Miss Jennifer Ruth Allen

Profession: Biomedical scientist

Registration Number: BS47701

Hearing Type: Final Hearing

Date and Time of hearing: 10:00 28/03/2019 End: 17:00 28/03/2019

Location: Jurys Inn Cardiff, Park Place, Cardiff, CF10 3UD

Panel: Conduct and Competence Committee
Outcome: Suspended

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While registered with the Health and Care Professions Council as a Biomedical Scientist, on 1 March 2018, at Cardiff Crown Court, you were convicted of:

1. Aiding and abetting driving while disqualified, contrary to Section 103(1)(b) of the Road Traffic Act 1988, section 44 of the Magistrates Courts Act 1980 and Schedule 2 to the Road Traffic Offenders Act 1998.

2. Doing an Act tending and intending to Pervert the Course of Public Justice.

3. Aiding and abetting use of vehicle without insurance.

4. By reason of your convictions as set out in paragraphs 1-3, your fitness to practise is impaired.




1. The Registrant was employed as a Biomedical Scientist by Cardiff and Vale University Health Board NHS Trust (“the Trust”) for approximately 16 years. At the relevant time the Registrant was a Band 6 Biomedical Scientist (Quality Officer) for the Point of Care Department.

2. On 14 September 2017, the Registrant’s car was stopped by the police. The Registrant was the front seat passenger. When the police attempted to arrest the driver, who was disqualified from driving, the driver drove off, causing a slight injury to a Police Officer. Subsequently, the police identified the driver and traced the car to the Registrant’s home address. When the Registrant was questioned by the police in relation to the matter, she stated that a different person had been driving the car on the day in question and that she had not seen the driver for a number of weeks. 

3. On 1 March 2018, the Registrant entered a guilty plea and was convicted at Cardiff Crown Court of aiding and abetting driving whilst disqualified, doing an act tending and intending to pervert the course of justice and aiding and abetting the use of a vehicle without insurance. The Registrant was sentenced to 26 weeks imprisonment (suspended for 24 months) and ordered to complete 150 hours unpaid work.

Decision on Facts

4. The Registrant admitted the facts alleged in Particulars 1, 2 and 3 of the Allegation. The Panel also had regard to the Certificate of Conviction of Cardiff Crown Court dated 22 March 2018.

5. The Panel found Particulars 1, 2 and 3 proved.

Decision on Grounds

6. The Panel was satisfied that the statutory ground of conviction was made out.

Decision on Impairment 

7. In deciding whether the Registrant’s fitness to Practise is currently impaired, the Panel had regard to the HCPTS Practice Note on “Convictions and Cautions” and to the Practice Note on “Finding that Fitness to Practise is “Impaired””. The Panel first considered the nature, circumstances and gravity of the offences for which the Registrant was convicted.

8. The Panel considered that the Registrant’s convictions were for serious matters as referred to by the sentencing judge who commented that in general terms where someone attempts to pervert the course of justice a prison sentence is inevitable.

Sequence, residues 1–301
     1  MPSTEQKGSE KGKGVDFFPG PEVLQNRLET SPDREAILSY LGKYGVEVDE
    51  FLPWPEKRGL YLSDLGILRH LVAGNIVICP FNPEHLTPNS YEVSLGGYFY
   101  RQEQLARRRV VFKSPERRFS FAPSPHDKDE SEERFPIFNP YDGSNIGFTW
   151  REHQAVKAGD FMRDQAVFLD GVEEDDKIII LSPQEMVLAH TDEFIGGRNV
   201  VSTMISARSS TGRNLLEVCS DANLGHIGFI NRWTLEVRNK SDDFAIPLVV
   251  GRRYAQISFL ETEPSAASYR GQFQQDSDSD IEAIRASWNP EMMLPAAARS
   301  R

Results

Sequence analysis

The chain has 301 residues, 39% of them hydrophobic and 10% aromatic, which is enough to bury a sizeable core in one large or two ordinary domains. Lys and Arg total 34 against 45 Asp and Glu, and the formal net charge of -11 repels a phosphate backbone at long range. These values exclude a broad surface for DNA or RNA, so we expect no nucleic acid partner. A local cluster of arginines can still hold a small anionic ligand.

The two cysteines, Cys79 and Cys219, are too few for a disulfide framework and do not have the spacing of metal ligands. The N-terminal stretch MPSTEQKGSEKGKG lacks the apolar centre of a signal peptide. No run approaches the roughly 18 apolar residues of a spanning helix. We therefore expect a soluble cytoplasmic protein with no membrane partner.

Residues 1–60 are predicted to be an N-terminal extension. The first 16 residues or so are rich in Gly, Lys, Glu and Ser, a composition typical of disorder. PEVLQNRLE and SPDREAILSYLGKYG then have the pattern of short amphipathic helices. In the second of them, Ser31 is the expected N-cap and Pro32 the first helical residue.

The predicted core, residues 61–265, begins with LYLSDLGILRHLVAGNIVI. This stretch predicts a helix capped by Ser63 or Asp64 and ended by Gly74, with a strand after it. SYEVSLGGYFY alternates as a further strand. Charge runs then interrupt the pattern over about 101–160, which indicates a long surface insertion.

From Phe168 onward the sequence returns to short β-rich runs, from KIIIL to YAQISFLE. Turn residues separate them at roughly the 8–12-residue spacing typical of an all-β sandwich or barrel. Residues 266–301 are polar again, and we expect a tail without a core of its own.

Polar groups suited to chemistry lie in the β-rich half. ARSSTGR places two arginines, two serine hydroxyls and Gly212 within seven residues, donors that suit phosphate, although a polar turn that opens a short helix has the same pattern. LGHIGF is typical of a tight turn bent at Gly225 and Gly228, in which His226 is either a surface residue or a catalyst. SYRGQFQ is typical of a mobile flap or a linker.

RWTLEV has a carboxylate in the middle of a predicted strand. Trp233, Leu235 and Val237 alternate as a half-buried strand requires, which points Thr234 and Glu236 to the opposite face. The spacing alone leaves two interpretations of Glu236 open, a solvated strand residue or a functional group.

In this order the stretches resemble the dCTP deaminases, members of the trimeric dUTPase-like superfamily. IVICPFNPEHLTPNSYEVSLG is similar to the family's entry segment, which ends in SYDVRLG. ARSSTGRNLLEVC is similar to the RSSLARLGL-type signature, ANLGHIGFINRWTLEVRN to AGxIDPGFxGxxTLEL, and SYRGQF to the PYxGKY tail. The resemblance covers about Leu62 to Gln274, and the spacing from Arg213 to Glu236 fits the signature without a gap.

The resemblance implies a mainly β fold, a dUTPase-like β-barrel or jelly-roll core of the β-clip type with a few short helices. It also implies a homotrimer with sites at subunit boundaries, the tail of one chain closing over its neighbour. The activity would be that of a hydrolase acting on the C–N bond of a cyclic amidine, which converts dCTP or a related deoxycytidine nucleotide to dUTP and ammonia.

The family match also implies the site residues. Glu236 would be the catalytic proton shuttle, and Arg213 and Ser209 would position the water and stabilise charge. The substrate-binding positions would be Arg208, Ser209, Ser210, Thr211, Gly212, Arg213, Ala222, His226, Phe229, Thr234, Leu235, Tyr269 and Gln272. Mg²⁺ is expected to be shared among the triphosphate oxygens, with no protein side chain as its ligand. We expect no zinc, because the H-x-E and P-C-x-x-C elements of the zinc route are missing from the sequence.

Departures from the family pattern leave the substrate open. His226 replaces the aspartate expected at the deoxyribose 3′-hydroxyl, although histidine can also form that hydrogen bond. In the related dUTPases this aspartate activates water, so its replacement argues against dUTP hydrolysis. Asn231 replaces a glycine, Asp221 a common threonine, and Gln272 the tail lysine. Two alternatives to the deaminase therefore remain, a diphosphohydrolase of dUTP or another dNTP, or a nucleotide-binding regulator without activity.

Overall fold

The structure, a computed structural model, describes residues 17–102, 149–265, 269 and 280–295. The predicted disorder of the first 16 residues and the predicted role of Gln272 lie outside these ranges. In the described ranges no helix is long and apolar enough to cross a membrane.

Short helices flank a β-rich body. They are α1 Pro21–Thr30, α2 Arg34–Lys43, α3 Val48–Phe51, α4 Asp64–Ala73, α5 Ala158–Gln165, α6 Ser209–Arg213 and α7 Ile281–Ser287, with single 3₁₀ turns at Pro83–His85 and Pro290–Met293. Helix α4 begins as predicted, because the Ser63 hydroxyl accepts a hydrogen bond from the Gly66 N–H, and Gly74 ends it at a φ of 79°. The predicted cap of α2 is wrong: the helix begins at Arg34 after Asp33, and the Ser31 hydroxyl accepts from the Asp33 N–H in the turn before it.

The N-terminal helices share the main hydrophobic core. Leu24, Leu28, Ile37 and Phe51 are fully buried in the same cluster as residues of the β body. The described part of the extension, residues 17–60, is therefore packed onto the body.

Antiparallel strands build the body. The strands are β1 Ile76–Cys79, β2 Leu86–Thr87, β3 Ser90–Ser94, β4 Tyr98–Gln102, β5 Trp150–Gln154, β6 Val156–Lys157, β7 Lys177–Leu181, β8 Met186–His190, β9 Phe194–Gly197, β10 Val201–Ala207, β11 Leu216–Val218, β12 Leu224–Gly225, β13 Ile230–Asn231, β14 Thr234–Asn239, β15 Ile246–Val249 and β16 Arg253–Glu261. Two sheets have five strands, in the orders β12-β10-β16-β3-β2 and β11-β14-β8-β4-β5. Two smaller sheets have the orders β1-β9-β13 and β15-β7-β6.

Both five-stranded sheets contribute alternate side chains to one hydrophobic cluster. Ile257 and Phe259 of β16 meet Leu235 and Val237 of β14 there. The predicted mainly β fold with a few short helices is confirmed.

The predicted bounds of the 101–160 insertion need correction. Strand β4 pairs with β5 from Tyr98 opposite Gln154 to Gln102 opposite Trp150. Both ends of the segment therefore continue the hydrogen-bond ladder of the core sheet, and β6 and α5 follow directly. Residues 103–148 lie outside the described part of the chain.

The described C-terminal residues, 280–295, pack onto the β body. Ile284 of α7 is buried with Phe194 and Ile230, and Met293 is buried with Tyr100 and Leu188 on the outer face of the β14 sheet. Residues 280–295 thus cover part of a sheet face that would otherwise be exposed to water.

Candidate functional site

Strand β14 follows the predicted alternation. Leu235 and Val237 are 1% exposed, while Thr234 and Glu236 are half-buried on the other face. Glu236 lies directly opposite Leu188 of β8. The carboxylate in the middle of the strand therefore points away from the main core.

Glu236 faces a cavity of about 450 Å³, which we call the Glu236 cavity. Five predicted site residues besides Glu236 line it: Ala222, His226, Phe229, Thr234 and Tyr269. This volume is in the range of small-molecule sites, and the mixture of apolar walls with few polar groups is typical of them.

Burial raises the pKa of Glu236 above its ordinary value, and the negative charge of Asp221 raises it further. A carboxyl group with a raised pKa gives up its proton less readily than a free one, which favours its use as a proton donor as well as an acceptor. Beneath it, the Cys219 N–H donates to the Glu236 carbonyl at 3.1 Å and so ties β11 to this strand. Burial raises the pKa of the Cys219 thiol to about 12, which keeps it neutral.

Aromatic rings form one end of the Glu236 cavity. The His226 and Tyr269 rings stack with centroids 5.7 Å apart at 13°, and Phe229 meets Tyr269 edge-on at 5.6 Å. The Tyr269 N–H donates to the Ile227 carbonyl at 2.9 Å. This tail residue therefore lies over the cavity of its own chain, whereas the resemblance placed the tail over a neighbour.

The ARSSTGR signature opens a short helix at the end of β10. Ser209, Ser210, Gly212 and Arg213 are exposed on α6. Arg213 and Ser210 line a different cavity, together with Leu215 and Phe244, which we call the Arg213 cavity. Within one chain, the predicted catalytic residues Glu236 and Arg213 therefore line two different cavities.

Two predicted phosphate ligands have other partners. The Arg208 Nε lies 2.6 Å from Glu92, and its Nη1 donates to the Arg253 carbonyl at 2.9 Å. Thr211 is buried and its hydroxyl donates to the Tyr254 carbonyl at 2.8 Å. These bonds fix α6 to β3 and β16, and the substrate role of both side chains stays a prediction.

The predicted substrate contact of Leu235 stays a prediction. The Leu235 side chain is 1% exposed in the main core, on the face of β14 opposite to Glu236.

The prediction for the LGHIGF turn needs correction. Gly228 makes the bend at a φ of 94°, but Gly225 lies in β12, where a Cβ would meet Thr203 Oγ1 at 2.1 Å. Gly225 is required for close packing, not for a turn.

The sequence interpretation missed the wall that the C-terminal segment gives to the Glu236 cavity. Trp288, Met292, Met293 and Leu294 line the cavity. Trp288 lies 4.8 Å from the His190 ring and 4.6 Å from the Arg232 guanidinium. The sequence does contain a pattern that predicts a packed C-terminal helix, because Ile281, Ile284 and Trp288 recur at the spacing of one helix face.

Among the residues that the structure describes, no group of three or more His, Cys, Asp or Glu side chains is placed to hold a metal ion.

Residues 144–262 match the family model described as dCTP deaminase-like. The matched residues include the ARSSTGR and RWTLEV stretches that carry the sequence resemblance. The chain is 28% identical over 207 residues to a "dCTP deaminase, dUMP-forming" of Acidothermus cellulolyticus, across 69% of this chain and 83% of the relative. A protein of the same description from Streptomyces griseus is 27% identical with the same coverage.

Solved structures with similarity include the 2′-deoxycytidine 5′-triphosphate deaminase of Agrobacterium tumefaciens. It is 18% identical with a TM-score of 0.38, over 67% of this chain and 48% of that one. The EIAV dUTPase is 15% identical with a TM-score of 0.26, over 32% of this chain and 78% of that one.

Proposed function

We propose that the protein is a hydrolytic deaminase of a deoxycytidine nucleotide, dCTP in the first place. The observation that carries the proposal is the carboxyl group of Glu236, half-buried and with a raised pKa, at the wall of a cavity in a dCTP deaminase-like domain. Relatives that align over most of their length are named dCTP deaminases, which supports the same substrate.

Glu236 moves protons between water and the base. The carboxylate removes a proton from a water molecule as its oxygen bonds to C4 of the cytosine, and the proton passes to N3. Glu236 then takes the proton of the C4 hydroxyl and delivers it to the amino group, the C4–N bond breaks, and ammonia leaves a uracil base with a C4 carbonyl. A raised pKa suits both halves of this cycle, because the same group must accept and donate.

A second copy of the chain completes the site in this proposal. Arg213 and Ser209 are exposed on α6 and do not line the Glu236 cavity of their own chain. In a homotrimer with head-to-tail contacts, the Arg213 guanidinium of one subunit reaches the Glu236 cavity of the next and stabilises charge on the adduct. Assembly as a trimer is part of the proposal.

9. The Panel found that the Registrant, in her dealings with the HCPC and in her oral evidence, was not fully transparent about the seriousness of the matters. When she emailed the HCPC to inform them about her convictions, the Registrant omitted to mention the serious matter of perverting the course of justice. When the Registrant informed her employer about the sentence imposed, she omitted to mention that she had been sentenced to a suspended prison sentence.

10. The Panel considered that the Registrant had failed to demonstrate full insight into the seriousness of the matters for which she was convicted and the damage done to the reputation of the profession as a result.

11. In respect of the personal element of impairment, the Panel was satisfied that the Registrant had breached fundamental tenets of her profession by not being trustworthy, had brought her profession into disrepute and that her integrity could not be relied on.

12. The Panel was concerned that the Registrant may still be susceptible to undue and improper pressure from her partner, given that she had been pressurised by him in the past to commit serious criminal offences and she remains in a relationship with that person.

13. The Panel considered that the Registrant had not fully remediated the effects of her conviction. The Panel was unable to conclude that the matters would not be repeated. For all these reasons, the Panel concluded that the Registrant’s fitness to practise is impaired in relation to the personal element of impairment.

14. The Panel further considered that members of the public would be very concerned about the nature, gravity and circumstances of the Registrant’s conviction and would expect appropriate action to be taken. The Panel considered that public confidence in the profession and the HCPC would be undermined were a finding of impairment not made.

15. For all of the above reasons, the Panel concluded that the Registrant’s fitness to practise is currently impaired.

Decision on Sanction

16. The Panel heard submissions from Ms Manning-Rees on behalf of the HCPC and Mr Evans on behalf of the Registrant. The Panel received and accepted the advice of the Legal Assessor.